Eric: He's got such a big portrait and such a little mirror next to it. Do you think he should just get a medium-sized portrait to have a little bit more space for a mirror? I mean, you got to groom yourself after all.
Eric: Never mind.
Andrew: What an analysis. Well, maybe he has a mirror somewhere else in the house. [laughs]
Eric: Yeah, maybe. I don't know.
Entering Hogwarts Castle
Micah: This scene always got the biggest cheers, I thought, at least when we saw the movie in Orlando when Neville showed up.
Eric: In the book, it's a cheer moment though. I mean, it's the scene where you put the book down and start clapping...
Eric: ...because really Neville is just [laughs] this badass figure all of a sudden and he's - I think in the books there's more of that too, where Neville just - in the movie he just talked about one of his cuts or something. In the book I think he goes quite on about that where he's, like, "Oh yeah, I got this here for doing this misdeed and got this over there, lasted for weeks, but I got her good." It's just kind of really, really badass. "Let's have a bit of fun, shall we?"
Andrew: I've said before, I've never really been a fan of Neville and this film is no different. I don't know why and I think it's almost the way that Jo wrote it. And I'm sorry, I know that upsets a lot of people but it's just, like, get out of the way. Who are you? [laughs]
Andrew: I don't know. Maybe it's Matt Lewis. Something - I just can't get over it.
Eric: Now one thing I can't get over is the use of the original music in this scene. I hate it. I absolutely hate it.
Andrew: Oh, but it's like Harry has returned to Hogwarts just like his first time. It was just as exciting.
Eric: I understand why they picked it but the movie to me is completely different now. Everybody has grown up. There should have been - I mean, if you're talking about Alexandre Desplat and his score, which the filmmakers especially David Yates have been completely all about. I really don't think there's a whole lot of score in this film and - because a lot of it is the action. I understand it's just like an editor's job. If you can't see it, that means you've done a good job. But the fact that they've chosen that moment to do the original John Williams [imitates "Hedwig's Theme"] is just really kind of - for me, it just - it was a chance for this film to be different and instead it was trying to be the same.
Andrew: Hmm. I mean, I was hoping - and I think we all were hoping - to see some references to earlier films in this final film, the whole full circle thing, nice little...
Andrew: ...references to past films. I think that was...
Eric: I'm cool with them playing the music, but it sounds like they were playing the exact same track. The difference...
Andrew: Yeah, I see what you mean.
Eric: If he were to re-record...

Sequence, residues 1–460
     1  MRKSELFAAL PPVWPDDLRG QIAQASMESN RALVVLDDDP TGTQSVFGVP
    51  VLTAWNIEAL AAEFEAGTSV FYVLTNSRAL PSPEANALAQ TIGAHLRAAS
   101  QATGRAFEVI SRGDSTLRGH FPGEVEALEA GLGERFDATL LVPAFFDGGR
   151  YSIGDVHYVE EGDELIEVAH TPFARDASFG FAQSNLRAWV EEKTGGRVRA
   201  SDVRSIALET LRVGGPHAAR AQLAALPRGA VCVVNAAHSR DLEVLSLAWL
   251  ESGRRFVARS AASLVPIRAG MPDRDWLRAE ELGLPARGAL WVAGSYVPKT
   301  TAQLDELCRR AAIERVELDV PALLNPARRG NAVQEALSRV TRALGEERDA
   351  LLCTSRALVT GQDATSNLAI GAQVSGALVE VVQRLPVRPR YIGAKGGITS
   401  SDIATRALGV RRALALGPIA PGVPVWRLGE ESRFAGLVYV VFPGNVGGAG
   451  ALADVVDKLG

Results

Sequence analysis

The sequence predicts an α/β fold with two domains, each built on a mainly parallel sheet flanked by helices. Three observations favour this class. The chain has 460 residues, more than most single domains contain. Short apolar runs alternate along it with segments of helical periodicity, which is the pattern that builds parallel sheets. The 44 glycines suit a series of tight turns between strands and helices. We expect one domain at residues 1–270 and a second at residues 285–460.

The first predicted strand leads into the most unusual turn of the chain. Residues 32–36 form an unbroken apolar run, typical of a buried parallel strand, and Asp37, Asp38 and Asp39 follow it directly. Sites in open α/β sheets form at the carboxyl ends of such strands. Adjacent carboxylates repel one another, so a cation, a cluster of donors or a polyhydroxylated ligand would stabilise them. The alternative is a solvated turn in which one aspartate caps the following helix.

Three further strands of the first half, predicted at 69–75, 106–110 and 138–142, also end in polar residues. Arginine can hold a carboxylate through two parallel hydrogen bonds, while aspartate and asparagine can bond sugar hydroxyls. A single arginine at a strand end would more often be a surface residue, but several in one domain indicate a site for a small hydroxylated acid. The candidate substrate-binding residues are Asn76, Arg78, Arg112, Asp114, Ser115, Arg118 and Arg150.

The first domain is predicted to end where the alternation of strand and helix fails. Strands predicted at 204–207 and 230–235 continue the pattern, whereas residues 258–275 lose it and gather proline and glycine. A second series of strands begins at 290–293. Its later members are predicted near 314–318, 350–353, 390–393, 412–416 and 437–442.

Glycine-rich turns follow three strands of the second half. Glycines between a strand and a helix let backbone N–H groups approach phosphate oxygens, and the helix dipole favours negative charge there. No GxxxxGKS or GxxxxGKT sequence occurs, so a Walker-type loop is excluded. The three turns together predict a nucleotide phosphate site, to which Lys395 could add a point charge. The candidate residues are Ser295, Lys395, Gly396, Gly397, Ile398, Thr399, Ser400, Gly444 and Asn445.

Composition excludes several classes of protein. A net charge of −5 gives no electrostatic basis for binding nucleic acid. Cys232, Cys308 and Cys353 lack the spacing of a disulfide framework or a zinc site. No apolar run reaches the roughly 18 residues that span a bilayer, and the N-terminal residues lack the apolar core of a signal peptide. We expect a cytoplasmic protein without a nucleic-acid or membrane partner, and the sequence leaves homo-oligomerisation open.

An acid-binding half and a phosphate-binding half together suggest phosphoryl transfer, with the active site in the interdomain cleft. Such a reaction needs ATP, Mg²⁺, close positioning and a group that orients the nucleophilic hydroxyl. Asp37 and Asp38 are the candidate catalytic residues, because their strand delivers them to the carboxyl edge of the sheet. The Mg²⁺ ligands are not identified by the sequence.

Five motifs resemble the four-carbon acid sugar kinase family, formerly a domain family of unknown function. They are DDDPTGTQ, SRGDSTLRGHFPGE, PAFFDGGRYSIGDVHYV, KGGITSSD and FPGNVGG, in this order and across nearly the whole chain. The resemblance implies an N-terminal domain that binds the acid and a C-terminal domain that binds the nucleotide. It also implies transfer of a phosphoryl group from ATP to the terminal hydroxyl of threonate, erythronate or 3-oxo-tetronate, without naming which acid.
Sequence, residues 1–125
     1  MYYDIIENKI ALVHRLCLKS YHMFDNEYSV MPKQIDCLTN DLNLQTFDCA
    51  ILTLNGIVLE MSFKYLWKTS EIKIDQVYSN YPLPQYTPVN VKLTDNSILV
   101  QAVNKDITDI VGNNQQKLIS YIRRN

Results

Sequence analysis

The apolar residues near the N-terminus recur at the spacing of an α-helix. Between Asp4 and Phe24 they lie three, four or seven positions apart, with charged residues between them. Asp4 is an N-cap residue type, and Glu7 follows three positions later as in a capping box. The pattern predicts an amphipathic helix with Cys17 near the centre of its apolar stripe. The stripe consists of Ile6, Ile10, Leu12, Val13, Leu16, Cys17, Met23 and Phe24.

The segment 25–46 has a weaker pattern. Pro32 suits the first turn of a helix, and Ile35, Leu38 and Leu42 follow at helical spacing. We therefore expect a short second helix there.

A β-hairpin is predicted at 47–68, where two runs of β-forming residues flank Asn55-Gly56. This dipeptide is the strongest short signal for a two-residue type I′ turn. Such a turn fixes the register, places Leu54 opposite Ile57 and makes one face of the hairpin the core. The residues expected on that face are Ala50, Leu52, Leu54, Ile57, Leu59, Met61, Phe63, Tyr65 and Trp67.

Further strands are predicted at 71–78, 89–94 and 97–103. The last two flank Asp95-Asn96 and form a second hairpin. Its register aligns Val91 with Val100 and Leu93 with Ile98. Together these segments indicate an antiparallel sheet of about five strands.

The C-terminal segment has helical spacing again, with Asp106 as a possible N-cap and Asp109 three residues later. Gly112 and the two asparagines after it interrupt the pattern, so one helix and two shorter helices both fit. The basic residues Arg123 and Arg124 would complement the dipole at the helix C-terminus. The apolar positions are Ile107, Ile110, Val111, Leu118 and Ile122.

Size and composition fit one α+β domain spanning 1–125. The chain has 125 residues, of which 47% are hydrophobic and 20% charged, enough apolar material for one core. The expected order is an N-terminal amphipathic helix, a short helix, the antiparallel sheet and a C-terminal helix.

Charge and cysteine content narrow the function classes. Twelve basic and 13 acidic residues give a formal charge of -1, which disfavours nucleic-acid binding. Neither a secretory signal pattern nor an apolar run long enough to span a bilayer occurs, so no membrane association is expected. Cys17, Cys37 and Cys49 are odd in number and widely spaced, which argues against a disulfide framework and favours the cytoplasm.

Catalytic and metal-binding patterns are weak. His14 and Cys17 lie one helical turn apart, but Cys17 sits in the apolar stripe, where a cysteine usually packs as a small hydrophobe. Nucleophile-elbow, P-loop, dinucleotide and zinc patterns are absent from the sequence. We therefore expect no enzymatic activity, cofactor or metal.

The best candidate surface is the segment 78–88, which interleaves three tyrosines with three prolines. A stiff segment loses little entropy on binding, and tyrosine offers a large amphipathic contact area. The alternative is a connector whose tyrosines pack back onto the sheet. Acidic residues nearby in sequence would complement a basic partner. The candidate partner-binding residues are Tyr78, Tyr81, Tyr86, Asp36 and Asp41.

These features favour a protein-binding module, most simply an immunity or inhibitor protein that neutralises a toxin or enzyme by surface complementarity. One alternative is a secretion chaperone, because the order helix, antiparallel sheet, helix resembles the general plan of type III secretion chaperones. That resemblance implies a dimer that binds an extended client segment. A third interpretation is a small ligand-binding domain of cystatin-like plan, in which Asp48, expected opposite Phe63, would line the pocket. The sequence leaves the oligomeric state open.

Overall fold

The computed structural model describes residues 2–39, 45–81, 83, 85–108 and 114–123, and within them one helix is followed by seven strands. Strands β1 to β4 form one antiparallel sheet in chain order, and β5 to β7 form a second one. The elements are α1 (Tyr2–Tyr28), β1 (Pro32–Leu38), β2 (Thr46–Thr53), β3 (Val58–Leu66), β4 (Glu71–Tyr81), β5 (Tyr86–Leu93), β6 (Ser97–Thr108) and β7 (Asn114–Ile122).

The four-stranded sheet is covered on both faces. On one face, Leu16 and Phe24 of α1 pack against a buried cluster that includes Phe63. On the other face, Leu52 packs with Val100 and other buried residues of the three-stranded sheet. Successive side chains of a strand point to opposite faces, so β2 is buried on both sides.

Eric: ...that and do it with slightly different instruments maybe but also have it be the same theme, that would be one thing. Instead it really does just feel like it's a scene from the second film.
Micah: But this was weird for me because Luna just all of a sudden is at Hogwarts when...
Eric: Is at Hogwarts.
Micah: ...before she was at Shell Cottage and without that scene in there that's part of the deleted features, it's just...
Micah: "Well, how did you get from Shell Cottage to..."
Andrew: That's true.
Eric: Yeah. I mean, I think the other thing that confuses too is in a couple of minutes when we see the rest of the Order is also in the castle, it's, like, where did they come from? But it's...
Micah: Well, you have that moment just when we were watching that scene where they go on the radio and they say, "Lightning has struck!" That's the alert to the Order to come to Hogwarts.
Eric: Yeah. I think George...
Andrew: Which is - I'm glad they included that because we don't get any of that in...
Eric: The actor George Harris who plays Kingsley Shacklebolt mentioned in one of the press conferences in Orlando that he really wanted to - or he thought it would be cool to be on the Potterwatch because Kingsley is, I think, one of the head leaders of Potterwatch when they're in the forest, isn't he? I forgot what they call him.
Andrew: Not sure.
Eric: But yeah, essentially I think they were talking about some of the scenes that were really cool moments for their characters.
Confrontation in the Great Hall
Eric: Gosh, Alan Rickman.
Andrew: He's not centered! [laughs]
Andrew: Under the...
Eric: Maybe in the...
Andrew: ...Great Hall glass.
Eric: You've got to watch the fullscreen version if they still do the letterbox.
Andrew: I just think about the poor first-years who are here and have to go through this nonsense. They have no idea about Harry really or - they're too young for this super dark stuff and Snape is yelling at these poor first-years.
Eric: Yeah. That's the interesting thing is that...
Andrew: That's not a film critic. It's just like a...
Eric: No. Yeah, general mood critic as well.
Eric: Because I mean, why would you send your kids to Hogwarts if it's the kind of situation where they're teaching the Unforgivable Curses on the first-years? Not that there are a whole lot of other options for schooling your children in Britain, in wizard school. But I just think that this is very much a place you wouldn't want to send anybody to. And we saw in previous films, previous books that parents were pulling their kids out of Hogwarts but that was due to something little like not trusting Dumbledore's judgment. Here you have got full-blown Death Eaters running the school.